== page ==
Let’s begin by exploring a scenario where you choose not to pursue further education and instead opt for the path of least resistance, continuing your regular duties. In this scenario, as a soldier, you would continue to receive your housing benefits and salary for the next four years, which would have otherwise been dedicated to full-time schooling. Furthermore, you would be eligible for raises based on your time in service (TIS) and potentially even promotions. For instance, an E4 with three years of experience can anticipate earning over $150,000 in salary alone over the next four years.
A predictable career trajectory
It’s not only valuable to understand the benefits you would receive over four years of schooling, but we can gain even deeper insights by looking at the five years following graduation. While the promotion schedules may vary for each soldier, I believe my predictions are a reasonable estimation based on the nature of the military bureaucracy.
|Event||Promoted to E5||Promoted to E6||Promoted to E7|
Take, for example, a hypothetical soldier who chooses to re-enlist after completing their initial three-year contract. If they were to follow this path, they could expect to reach the rank of E6 in the same year they would have graduated from college had they pursued higher education instead. With eight years of service and an E6 rank, their base salary would be a modest $46,400. However, they would also receive over $22,000 in additional food and housing allowances (which are untaxed), resulting in a compensation package slightly exceeding $75,000. While this surpasses the average earnings of a college graduate, there isn’t much room for substantial growth, as their compensation is expected to increase by only an additional $11,000 over the following four years.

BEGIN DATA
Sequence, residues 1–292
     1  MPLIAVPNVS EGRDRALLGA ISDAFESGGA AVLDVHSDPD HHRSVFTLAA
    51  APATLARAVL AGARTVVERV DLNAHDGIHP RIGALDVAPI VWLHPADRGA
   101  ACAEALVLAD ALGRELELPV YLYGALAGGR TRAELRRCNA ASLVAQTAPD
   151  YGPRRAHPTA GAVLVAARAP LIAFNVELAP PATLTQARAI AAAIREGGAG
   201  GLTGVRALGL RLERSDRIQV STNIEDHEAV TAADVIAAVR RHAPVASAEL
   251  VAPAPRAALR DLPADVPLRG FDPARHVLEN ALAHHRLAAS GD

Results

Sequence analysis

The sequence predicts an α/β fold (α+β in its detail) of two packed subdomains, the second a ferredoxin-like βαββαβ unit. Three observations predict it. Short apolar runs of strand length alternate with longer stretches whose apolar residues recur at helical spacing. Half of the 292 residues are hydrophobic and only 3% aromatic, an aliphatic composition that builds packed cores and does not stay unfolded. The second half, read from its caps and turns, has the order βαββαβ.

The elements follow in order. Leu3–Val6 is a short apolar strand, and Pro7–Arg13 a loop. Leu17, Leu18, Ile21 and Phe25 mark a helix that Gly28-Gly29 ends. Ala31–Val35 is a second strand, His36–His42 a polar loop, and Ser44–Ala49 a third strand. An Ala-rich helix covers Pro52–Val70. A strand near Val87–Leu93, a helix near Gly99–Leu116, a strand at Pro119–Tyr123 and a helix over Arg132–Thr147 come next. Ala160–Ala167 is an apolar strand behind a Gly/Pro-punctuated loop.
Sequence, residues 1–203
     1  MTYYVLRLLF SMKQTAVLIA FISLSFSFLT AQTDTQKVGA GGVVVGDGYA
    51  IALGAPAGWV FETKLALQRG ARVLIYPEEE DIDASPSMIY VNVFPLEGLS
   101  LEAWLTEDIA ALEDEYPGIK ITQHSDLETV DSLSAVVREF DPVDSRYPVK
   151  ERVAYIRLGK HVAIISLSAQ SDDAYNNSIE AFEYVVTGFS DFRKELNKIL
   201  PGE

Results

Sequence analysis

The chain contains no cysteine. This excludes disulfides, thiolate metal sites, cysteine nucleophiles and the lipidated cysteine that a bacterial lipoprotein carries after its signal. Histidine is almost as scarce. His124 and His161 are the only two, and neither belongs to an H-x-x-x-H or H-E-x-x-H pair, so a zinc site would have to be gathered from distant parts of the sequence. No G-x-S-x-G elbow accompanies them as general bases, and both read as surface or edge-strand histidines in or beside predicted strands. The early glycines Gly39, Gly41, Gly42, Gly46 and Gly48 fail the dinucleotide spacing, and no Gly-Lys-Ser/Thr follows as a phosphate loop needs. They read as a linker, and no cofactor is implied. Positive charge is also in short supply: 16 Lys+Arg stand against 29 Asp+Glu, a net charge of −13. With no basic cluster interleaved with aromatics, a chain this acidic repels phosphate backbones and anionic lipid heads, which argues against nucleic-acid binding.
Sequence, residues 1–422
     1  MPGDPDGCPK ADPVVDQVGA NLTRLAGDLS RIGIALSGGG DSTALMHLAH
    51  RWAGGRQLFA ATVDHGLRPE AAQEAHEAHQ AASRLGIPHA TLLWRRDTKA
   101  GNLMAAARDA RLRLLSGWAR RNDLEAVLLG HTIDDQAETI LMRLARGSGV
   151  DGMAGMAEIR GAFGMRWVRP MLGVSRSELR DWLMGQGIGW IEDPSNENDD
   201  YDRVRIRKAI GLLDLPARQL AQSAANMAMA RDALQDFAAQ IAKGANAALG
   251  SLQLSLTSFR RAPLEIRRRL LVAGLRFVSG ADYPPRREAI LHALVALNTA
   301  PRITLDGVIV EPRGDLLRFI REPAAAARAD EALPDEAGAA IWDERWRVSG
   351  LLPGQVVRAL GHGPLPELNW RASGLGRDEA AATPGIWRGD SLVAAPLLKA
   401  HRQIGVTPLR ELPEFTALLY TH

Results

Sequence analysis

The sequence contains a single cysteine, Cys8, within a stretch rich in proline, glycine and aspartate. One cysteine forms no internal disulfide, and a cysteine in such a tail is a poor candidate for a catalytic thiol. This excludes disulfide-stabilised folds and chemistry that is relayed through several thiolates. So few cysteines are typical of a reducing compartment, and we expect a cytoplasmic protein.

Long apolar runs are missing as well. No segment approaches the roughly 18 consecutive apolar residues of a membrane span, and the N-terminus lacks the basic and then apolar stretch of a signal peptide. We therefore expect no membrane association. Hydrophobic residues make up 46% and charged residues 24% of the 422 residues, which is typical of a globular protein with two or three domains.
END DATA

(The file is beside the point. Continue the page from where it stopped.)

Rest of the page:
Scenario B: Butter bar (O1) in training
Comparing the starting salary of a freshly commissioned second lieutenant (O1) in the Army, which is approximately $42,000, to our predictions for an enlisted soldier reaching E6 rank in eight years, there seems to be a disparity. However, it’s important to note that an enlisted soldier who becomes an officer follows a different pay scale than newly commissioned lieutenants without prior time in service (TIS). The Army offers a financial incentive for enlisted soldiers transitioning to officers by providing higher pay than for other officers in the same pay grade without TIS. This results in both an increased base pay and housing allowance, boosting annual compensation by $20,000 or more compared to peers who commission without TIS.